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CRIMINAL CODE OFFENCES - Offences tending to corrupt morals - Communication with a child by computer in order to commit an offence (luring)

Friday, March 15, 2019 @ 1:05 PM  


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Appeal and cross-appeal from a judgment of the Court of Appeal for Ontario affirming the conviction entered and the sentence imposed to Morrison for the charge of child luring. Morrison posted an advertisement online, and a police officer, posing as a 14-year-old girl named Mia, responded. In conversations, Morrison invited Mia to touch herself sexually and proposed that they meet to engage in sexual activity. These communications led to Morrison being charged with child luring under s. 172.1(1)(b) of the Criminal Code. Morrison challenged the constitutionality of three subsections of the child luring provisions, namely s. 172.1(2)(a), (3), and (4) which respectfully prescribed a mandatory minimum sentence, created a presumption and barred an accused from raising a defence.  The trial judge found that the presumption under subsection (3) violated the presumption of innocence, found that subsection (4) was constitutionally valid and concluded that Morrison had failed to take reasonable steps to ascertain Mia’s age. He entered a guilty verdict, sentenced Morrison to four months’ imprisonment and probation for a year. He held that the mandatory minimum sentence under subsection (2)(a) was of no force or effect. The Ontario Court of Appeal upheld Morrison’s conviction and sentence and each of the trial judge’s conclusions on the three constitutional questions.

HELD: Appeal and cross-appeal allowed in part. The combined effect of subsections (3) and (4) was to create two pathways to conviction for the offense of child luring. The Crown had to prove that the accused either believed the other person was underage or failed to take reasonable steps to ascertain the other person’s age. The approach to assessing reasonable steps was a highly contextual one, in light of the fact that the communication was taking place on the Internet. The presumption under s. 172.1(3) offended s. 11(d) of the Canadian Charter of Rights and Freedoms (Charter). Where a representation of age was made online, the trier of fact could still be left with a reasonable doubt at the close of the Crown’s case as to whether the accused believed the other person was underage. A proof of a representation as to age did not lead inexorably to the existence of the essential element that the accused believed the other person was underage. The Crown also failed to establish that, absent the presumption, the child luring provision could not operate effectively. There was but one pathway to conviction: proof beyond a reasonable doubt that the accused believed the other person was underage. The main effect of subsection (4) was to impose an evidentiary burden on the accused regarding reasonable steps where the accused asserted he or she believed the other person was of legal age. Because an accused could not be convicted merely for failing to establish a defence, s. 172.1(4) did not infringe s. 7 of the Charter. No situation in which an accused could be convicted on the basis of simple negligence was created. In the context of a police sting where there was no underage person, the Crown had to prove beyond a reasonable doubt that the accused believed the other person was underage or was wilfully blind as to whether the other person was underage. The defence that the accused believed the other person was of legal age had an air of reality only if the trier of fact could find, on the evidence, that the accused took steps capable of amounting to “reasonable steps” in the circumstances to ascertain the other person’s age and that the accused honestly believed the other person was of legal age. Where an accused had failed to take reasonable steps, the trial judge had to instruct the jury that the accused’s evidence that he or she believed the other person was of legal age could not be considered in determining whether the Crown had proven its case beyond a reasonable doubt. To support a conviction, the Crown had to prove beyond a reasonable doubt that Morrison believed Mia was under 16. The trial judge found that it did not. Accordingly, Morrison’s conviction could not stand. Considerations of fairness favored a new trial, one that was conducted using a correct legal framework. The Court declined to rule on whether the mandatory minimum sentence under s. 172.1(2)(a) infringed s. 12 of the Charter.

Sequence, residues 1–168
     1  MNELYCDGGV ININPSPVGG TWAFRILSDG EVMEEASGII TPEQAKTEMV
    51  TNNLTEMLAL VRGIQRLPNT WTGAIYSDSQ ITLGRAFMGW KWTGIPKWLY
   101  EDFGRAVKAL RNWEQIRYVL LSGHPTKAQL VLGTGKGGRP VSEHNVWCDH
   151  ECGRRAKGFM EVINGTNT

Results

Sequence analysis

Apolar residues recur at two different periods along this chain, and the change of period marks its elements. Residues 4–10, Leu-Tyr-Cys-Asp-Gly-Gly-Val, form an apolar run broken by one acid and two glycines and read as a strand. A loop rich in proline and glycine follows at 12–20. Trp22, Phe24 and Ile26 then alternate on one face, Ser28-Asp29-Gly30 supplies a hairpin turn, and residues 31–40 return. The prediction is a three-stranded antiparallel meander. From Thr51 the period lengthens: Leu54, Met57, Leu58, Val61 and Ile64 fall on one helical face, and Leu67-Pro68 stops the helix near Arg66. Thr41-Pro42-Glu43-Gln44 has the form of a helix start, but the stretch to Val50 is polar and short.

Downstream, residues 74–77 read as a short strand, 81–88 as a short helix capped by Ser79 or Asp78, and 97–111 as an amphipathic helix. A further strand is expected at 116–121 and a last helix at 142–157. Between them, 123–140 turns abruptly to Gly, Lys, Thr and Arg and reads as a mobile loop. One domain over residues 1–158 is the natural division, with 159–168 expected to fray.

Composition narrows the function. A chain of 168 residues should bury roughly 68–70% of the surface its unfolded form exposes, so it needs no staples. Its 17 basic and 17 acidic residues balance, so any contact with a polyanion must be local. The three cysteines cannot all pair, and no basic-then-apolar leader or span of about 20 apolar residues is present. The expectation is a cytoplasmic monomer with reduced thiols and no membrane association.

R. v. Morrison, [2019] S.C.J. No. 15, Supreme Court of Canada, R. Wagner C.J. and R.S. Abella, M.J. Moldaver, A. Karakatsanis, C. Gascon, S. Côté, R. Brown, M. Rowe and S.L. Martin JJ., March 15, 2019. Digest No. TLD-March112019012-SCC